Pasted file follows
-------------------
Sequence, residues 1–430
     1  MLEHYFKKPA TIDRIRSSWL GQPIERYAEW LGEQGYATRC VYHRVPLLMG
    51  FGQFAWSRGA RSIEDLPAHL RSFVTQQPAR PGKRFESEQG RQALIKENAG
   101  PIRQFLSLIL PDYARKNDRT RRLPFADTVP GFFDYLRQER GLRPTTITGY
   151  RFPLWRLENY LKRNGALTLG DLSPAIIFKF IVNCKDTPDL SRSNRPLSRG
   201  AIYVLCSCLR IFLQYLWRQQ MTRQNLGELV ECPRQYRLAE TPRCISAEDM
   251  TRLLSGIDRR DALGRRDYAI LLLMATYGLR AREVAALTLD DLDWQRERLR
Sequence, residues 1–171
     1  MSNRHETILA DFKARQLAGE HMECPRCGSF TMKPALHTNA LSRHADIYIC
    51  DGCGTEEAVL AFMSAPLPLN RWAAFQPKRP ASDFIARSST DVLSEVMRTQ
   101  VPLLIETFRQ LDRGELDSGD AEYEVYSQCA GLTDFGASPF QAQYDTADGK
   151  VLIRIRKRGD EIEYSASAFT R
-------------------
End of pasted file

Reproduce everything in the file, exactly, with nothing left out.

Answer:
Sequence, residues 1–430
     1  MLEHYFKKPA TIDRIRSSWL GQPIERYAEW LGEQGYATRC VYHRVPLLMG
    51  FGQFAWSRGA RSIEDLPAHL RSFVTQQPAR PGKRFESEQG RQALIKENAG
   101  PIRQFLSLIL PDYARKNDRT RRLPFADTVP GFFDYLRQER GLRPTTITGY
   151  RFPLWRLENY LKRNGALTLG DLSPAIIFKF IVNCKDTPDL SRSNRPLSRG
   201  AIYVLCSCLR IFLQYLWRQQ MTRQNLGELV ECPRQYRLAE TPRCISAEDM
   251  TRLLSGIDRR DALGRRDYAI LLLMATYGLR AREVAALTLD DLDWQRERLR
Sequence, residues 1–171
     1  MSNRHETILA DFKARQLAGE HMECPRCGSF TMKPALHTNA LSRHADIYIC
    51  DGCGTEEAVL AFMSAPLPLN RWAAFQPKRP ASDFIARSST DVLSEVMRTQ
   101  VPLLIETFRQ LDRGELDSGD AEYEVYSQCA GLTDFGASPF QAQYDTADGK
   151  VLIRIRKRGD EIEYSASAFT R